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Talking Headways

Talking Headways Podcast: Lessons from Quick-Build Street Projects

Heidi Simon of Smart Growth America talks to us about working with local officials to create safer streets through quick build projects.

Quick-build images from around the USA.

This week, we’re joined by Heidi Simon, director of Thriving Communities at Smart Growth America, who talks about lessons learned from Complete Streets Leadership Academies as state and local officials and advocates work to create safer streets through quick build projects.

But let's face it, some of you prefer to read, so click here for a full, AI-generated transcript. Plus, there's also an excerpt below the cool player.

Jeff Wood: Now, how long does it really take to get a permit from a state DOT?

Heidi Simon: That varies greatly. And I think one of the benefits that we saw in doing this program was that we had the state DOT at the table from the beginning, so there were some quick turnarounds on permits that I don't know we would've gotten otherwise. But one of the things that this program identifies is a need for a change in the way we permit things like quick-build demonstrations. If we want quick builds to be something communities can do, whether alone or in partnership with their state DOTs, we need to make it easier for them to get the approval to do so.

Jeff Wood: That makes a lot of sense. We're seeing this in LA with housing right now. The mayor signed an executive order that said, "OK, you shouldn't have to wait more than 60 days if you're under the zoning code and all that stuff." And now all these people are proposing affordable housing projects without any subsidies. Whether that gets built, we'll find out. But I find that ministerial difference huge, and permitting feels like one of those things where state DOTs kind of get in the way of progress in changing streets in a quick manner to fix the things that ail us.

Heidi Simon: And we're not suggesting that there shouldn't be permits, but I think some solutions were identified in the program. So some of the communities, like the ones in California, did a lot of meetings and conversations, but they called pre-permitting meetings. So by the time the permit got to the desk, everyone knew what was in it. The application could be passed along fairly quickly because it had been put together in partnership. I think another possible strategy that we saw that worked well was in Connecticut where they had the different offices within the DOT that had to sign off on the permit, review it at the same time.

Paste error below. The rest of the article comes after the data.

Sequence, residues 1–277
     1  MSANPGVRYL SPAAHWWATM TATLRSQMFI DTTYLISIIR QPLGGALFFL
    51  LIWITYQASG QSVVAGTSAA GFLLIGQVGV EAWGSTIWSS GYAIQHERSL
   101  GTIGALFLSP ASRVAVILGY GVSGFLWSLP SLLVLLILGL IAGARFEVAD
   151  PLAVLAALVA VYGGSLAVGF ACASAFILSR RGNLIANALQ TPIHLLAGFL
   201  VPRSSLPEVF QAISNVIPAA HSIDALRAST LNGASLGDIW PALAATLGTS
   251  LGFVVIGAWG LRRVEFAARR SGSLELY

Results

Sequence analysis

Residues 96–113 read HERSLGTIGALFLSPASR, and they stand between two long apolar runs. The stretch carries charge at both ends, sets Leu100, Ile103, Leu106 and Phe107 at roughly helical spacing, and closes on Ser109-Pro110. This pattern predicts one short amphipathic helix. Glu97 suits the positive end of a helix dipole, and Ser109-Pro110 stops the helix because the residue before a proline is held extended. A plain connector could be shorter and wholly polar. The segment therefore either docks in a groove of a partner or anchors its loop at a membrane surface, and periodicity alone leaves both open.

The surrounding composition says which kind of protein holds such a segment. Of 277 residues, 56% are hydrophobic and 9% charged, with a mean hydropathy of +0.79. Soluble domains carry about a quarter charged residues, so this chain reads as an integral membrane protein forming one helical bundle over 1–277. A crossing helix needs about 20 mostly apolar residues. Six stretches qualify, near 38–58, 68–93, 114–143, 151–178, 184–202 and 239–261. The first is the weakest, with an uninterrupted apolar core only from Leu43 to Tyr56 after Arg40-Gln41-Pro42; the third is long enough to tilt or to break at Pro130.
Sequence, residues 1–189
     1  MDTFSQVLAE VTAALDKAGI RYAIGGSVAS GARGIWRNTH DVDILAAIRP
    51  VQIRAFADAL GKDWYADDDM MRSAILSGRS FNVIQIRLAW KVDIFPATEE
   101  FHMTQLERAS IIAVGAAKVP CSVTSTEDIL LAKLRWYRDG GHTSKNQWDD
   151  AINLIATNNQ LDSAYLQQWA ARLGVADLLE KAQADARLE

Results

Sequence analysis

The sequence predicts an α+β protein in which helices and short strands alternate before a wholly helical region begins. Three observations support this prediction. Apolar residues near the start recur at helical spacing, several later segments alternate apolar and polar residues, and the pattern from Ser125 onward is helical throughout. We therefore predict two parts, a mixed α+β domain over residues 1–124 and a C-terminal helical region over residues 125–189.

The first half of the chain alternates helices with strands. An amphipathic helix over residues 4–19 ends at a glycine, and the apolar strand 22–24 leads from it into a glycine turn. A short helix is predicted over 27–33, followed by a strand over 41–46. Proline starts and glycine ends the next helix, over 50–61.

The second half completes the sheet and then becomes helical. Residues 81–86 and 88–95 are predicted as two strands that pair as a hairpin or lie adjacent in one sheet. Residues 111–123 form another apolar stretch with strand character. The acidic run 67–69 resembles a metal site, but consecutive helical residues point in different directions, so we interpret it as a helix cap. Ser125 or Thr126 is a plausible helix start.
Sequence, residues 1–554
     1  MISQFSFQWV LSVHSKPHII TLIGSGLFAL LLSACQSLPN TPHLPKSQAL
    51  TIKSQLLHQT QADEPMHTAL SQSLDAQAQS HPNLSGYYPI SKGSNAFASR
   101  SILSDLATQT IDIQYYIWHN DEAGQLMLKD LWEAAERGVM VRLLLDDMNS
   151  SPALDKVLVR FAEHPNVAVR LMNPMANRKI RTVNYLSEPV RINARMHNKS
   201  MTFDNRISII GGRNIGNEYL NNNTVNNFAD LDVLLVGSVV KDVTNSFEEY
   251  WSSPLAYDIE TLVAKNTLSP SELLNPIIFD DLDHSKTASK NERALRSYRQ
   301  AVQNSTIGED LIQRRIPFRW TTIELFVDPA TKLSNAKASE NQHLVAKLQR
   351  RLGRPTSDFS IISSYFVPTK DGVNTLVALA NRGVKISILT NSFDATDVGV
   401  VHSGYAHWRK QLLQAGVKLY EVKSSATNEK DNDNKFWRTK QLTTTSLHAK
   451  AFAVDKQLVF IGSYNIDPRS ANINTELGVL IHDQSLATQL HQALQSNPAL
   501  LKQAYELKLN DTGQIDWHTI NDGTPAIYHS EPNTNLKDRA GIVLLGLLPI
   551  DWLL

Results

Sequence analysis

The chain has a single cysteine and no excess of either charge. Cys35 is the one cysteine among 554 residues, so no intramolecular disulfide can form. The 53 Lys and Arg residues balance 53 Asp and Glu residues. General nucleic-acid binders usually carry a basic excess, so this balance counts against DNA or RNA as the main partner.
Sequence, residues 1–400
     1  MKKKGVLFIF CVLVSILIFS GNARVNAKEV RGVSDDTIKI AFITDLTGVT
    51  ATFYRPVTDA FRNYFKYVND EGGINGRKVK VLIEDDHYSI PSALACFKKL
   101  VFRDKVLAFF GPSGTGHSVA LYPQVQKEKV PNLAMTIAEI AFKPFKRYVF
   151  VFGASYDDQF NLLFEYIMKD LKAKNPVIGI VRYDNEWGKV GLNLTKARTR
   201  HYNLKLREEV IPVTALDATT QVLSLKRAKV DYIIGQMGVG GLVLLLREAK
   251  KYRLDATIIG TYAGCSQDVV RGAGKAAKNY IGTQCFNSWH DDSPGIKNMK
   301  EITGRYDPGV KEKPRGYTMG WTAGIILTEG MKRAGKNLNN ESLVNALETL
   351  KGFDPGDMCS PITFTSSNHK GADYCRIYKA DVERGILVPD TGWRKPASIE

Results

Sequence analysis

So it wasn't a matter of going from desk to desk to desk to desk to desk. It streamlined the process a little bit. Looking back on all of this, I think there are things that if a state was serious about incorporating quick build demonstrations that they could do to help the permit process before the permit ever got to their table. Looking at a list of pre-approved materials, for example, or a pre-approved list of type of projects that maybe get to the front of the line of the permitting a little bit faster and more efficiently.

Jeff Wood: Was there anything else you learned in terms of how these states and cities can work together in this way to make things faster, quicker, to make things more efficient?

Heidi Simon: I think communication is key here. And recognizing that while everyone has a job to do, the ultimate goal needs to be the same. And that needs to be improving safety and accessibility, making sure that people can get to the grocery store, to the school or get to work without having to sacrifice. And I think with that in mind, people are at the table together in a different mindset than maybe coming at it from a defensive standpoint or looking at someone as an adversary versus a partner.

Jeff Wood: Now there's also this kind of issue of capacity in smaller towns. How much does the local capacity impact how much can be done on some of these projects?

Heidi Simon: I think it's a factor, and I think it's not only in smaller towns, but I think even in larger communities there are competing priorities. There are any number of projects that are underway at the same time. And while quick build demonstrations maybe temporary, they require work and they require staff capacity and resources and time. The materials require time to be procured and shift before you even reach installation. And I think when you talk about navigating all of those pieces, it's really an opportunity for states to provide and step up in partnership to some of these smaller local communities.

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